This is how the decentralized world is supposed to act: when someone spots something worrisome in a startup’s open-source code, he or she sounds an alarm—and the company behind the code springs into action.

That seems to be what happened earlier today when a cautionary report about crypto lending protocol Compound.finance dropped. 

That protocol, according  to research by Spankchain’s Ameen Soleimani and cybersecurity researcher “samczsun,” features a central point of failure that, if exploited, would allow funds to be “trivially drained.”

The company behind the protocol, which claims to hold some $161.3 million dollars’ worth of users’ cryptocurrencies, makes use of several “smart contracts”—self-enforcing financial contracts operated using the Ethereum network—to store users’ funds. 

But each of these contracts, Soleimani and samczsun found, is under the influence of a centralized “administrator” account currently controlled by Compound the company, which built and released the protocol.  

Asked for comment, Compound directed us to an online statement. The company’s founder, Robert Leshner, generally agrees with Soleimani’s analysis and says that there is more fine-tuning to be done. “The best part of Ethereum is that everything is in the open, for the entire world to analyze, and it holds us to the highest standards possible,” Leshner tweeted.

“On smart contract security, we agree that it’s ‘legit’ but it’s still a constant focus for us, and we’re not going to rest. There are more audits coming, and we encourage the community to participate in ensuring the security of the protocol.”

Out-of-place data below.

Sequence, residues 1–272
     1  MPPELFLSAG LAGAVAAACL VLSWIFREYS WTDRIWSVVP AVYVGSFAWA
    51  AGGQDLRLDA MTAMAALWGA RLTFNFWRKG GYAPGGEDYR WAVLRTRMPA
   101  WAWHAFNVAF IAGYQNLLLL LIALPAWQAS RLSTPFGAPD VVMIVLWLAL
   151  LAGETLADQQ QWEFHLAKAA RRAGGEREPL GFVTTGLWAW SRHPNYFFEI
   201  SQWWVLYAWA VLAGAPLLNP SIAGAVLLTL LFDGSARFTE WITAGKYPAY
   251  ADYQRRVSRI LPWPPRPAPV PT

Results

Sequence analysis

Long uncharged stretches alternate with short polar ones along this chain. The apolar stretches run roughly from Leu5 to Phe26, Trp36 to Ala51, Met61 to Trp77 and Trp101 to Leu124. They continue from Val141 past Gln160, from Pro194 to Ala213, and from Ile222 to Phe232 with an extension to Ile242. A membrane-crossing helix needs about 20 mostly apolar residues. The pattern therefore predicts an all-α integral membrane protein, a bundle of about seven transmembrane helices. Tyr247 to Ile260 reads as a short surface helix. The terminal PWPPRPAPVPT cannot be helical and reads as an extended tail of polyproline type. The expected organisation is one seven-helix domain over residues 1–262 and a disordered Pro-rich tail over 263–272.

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Soleimani’s research comes at a time of impressive growth for Compound, with users depositing the cryptocurrency DAI earning upwards of ten percent interest on their investments. “As the CEO of SpankChain, it’s my job to manage the company reserves, which also includes nearly half a million DAI,” he wrote. “At 10% annual interest, that’s ~$4,000 per month that we’re leaving on the table by not moving our DAI into Compound. That’s quite the opportunity cost.”

“But the thing to remember when investing is that there is no free lunch,” he added. “All investments have their risks and lending on Compound is no exception.”

Compound offers users various "cTokens", which represent users’ deposited funds—cETH, for ether, cBTC for Bitcoin, for instance. These tokens give off interest, and are held in smart contracts. But as Solemani shows, all of these smart contractors are controlled by the same administrator, the address, "0x8B8592E9570E961663 36603a1b4bd1E8Db20fa20."

Each address is also governed by a “Comptroller,” itself governed by a “Unitroller” running on the administrator’s address—leaving one single point of failure from which dozens of vital administrative privileges can be accessed. 

A successful hacker, Soleimani writes, would be able to steal funds, prevent transfers, prevent the issuance and redemption of new tokens, adjust Compound’s borrowing rate, and distort the price feed in order to fraudulently “borrow against that low price.” 

Soleimani also notes that Compound’s “utilization rate” for DAI—the percentage of the cryptocurrency lent out to borrowers—is surprisingly high, at 70 percent. In the event of a run on Compound’s balances, only 30 percent of users would be able to recover their funds. And Compound’s only recourse would be to increase interest rates and encourage more users to stay. 

Interestingly, the back and forth between Soleimani and Leshner was played out in public, and very much in keeping with the so-called “Hacker ethic.” The Spankchain founder  published his critique on Medium, and Leshner responded via Twitter, apparently to Soleimani’s satisfaction. “Fixed!” Soleimani tweeted, in reply to Leshner’s apologia. And everyone lived happily ever after.